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In order to grow potatoes I'm implementing the retry pattern. If I fail to grow them, I'd like to try it again later. The first part I've implemented is a collection of delay generators.

Their base type is the DelaySequence:

public abstract class DelaySequence : IEnumerable<TimeSpan>
{
    protected DelaySequence(int count) { Count = count; }

    public int Count { get; }

    public IEnumerator<TimeSpan> GetEnumerator() => Generate().Take(Count).GetEnumerator();

    IEnumerator IEnumerable.GetEnumerator() => GetEnumerator();

    protected abstract IEnumerable<TimeSpan> Generate();
}

I derived three concrete generators from it.

One regular:

public class RegularDelaySequence : DelaySequence
{
    private readonly TimeSpan _delay;
    public RegularDelaySequence(TimeSpan delay, int count) : base(count) { _delay = delay; }
    protected override IEnumerable<TimeSpan> Generate()
    {
        while (true) yield return _delay;
    }
}

and two irregular:

public abstract class IrregularDelaySequence : DelaySequence
{
    protected IrregularDelaySequence(int count) : base(count) { }
}

public class FibonacciDelaySequence : IrregularDelaySequence
{
    private readonly Queue<TimeSpan> _lastPair;
    public FibonacciDelaySequence(TimeSpan firstTwo, TimeSpan firstStep, int count) : base(count)
    {
        _lastPair = new Queue<TimeSpan>(new[]
        {
            firstTwo,
            firstTwo,
            firstTwo + firstStep,
        });
    }
    protected override IEnumerable<TimeSpan> Generate()
    {
        foreach (var delay in _lastPair)
        {
            yield return delay;
        }

        _lastPair.Dequeue();

        while (true)
        {
            var current = _lastPair.Aggregate(TimeSpan.Zero, (sum, next) => sum + next);
            yield return current;
            _lastPair.Enqueue(current);
            _lastPair.Dequeue();
        };
    }
}

public class GeometricDelaySequence : IrregularDelaySequence
{
    private TimeSpan _current;
    private readonly Func<TimeSpan, TimeSpan> _increment;
    public GeometricDelaySequence(TimeSpan first, Func<TimeSpan, TimeSpan> increment, int count) : base(count)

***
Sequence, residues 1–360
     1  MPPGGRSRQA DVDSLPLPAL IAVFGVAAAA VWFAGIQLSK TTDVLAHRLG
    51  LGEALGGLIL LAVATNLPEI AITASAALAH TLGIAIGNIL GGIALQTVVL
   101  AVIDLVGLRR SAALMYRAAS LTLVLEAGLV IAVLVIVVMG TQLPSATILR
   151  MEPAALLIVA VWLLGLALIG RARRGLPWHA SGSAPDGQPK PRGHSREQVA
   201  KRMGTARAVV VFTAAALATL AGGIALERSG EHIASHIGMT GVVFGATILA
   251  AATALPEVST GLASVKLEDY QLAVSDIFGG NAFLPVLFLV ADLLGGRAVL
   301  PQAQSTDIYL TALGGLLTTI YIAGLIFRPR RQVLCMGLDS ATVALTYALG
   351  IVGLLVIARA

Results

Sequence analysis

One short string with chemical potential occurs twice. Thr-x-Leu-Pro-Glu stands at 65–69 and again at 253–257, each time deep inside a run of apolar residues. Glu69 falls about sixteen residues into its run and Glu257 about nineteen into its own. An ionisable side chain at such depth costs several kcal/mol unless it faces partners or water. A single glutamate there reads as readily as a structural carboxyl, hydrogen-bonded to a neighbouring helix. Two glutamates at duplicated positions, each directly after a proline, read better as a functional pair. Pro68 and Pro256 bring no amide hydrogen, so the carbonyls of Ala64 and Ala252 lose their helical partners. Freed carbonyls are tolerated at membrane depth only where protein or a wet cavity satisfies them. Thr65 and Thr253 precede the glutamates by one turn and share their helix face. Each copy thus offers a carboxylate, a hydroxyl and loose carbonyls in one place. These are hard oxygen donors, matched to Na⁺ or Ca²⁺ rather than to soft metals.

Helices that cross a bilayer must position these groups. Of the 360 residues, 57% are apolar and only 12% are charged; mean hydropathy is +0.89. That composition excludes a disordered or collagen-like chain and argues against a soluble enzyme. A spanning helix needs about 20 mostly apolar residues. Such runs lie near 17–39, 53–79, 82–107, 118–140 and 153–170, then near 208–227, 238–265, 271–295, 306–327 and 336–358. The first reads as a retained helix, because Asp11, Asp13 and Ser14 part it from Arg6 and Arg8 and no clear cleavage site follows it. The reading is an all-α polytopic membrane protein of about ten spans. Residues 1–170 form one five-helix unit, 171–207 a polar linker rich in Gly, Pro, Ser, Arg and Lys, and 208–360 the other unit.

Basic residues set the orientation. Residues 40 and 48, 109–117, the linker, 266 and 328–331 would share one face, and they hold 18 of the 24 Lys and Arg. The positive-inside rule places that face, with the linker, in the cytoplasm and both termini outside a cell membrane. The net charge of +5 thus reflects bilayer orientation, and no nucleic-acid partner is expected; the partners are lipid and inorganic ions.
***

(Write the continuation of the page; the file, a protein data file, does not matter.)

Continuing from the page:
{
        _current  = first;
        _increment = increment;
    }
    protected override IEnumerable<TimeSpan> Generate()
    {
        yield return _current;

        while (true)
        {
            yield return (_current = _increment(_current));
        };
    }
}

Their usage is very simple. Create an instance, specify the parameters and you're ready to go:

new RegularDelaySequence(TimeSpan.FromSeconds(1), 7).Dump();
new FibonacciDelaySequence(TimeSpan.FromSeconds(1), TimeSpan.FromSeconds(3), 7).Dump();
new GeometricDelaySequence(TimeSpan.FromSeconds(1), ts => ts + ts, 7).Dump();

Dump() is LINQPad's method

Results:

RegularDelaySequence

00:00:01 
00:00:01 
00:00:01 
00:00:01 
00:00:01 
00:00:01 
00:00:01 

FibonacciDelaySequence

00:00:01 
00:00:01 
00:00:04 
00:00:05 
00:00:09 
00:00:14 
00:00:23 

GeometricDelaySequence

00:00:01 
00:00:02 
00:00:04 
00:00:08 
00:00:16 
00:00:32 
00:01:04 
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  • 1
    \$\begingroup\$ LOL I got downvoted. Someone doesn't like potatoes ;-) \$\endgroup\$
    – t3chb0t
    Commented Nov 10, 2016 at 12:03

1 Answer 1

2
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IrregularDelaySequence

I don't think the base IrregularDelaySequence class is needed here since it doesn't contain any members. To check if a specified instance is an irregular sequence, you could just compare its type to the RegularDelaySequence. If the type isn't RegularDelaySequence, the sequence is definitly irregular.

FibonacciDelaySequence

The logic of this class isn't quite clear for me.
I'd prefer to use an "oldschool" variables instead of the Queue:

public class FibonacciDelaySequence : DelaySequence
{
    private TimeSpan _prev;
    private TimeSpan _cur;

    public FibonacciDelaySequence(TimeSpan firstTwo, TimeSpan firstStep, int count) : base(count)
    {
        _prev = firstTwo;
        _cur = _prev + firstStep;
    }
    protected override IEnumerable<TimeSpan> Generate()
    {
        yield return _prev;
        yield return _prev;
        yield return _cur;

        while (true)
        {
            var current = _prev + _cur;
            yield return current;
            _prev = _cur;
            _cur = current;
        }
    }
}
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  • 2
    \$\begingroup\$ I must admint the oldschool variables look much nicer then my over-engineered queue ;-] \$\endgroup\$
    – t3chb0t
    Commented Nov 10, 2016 at 11:30

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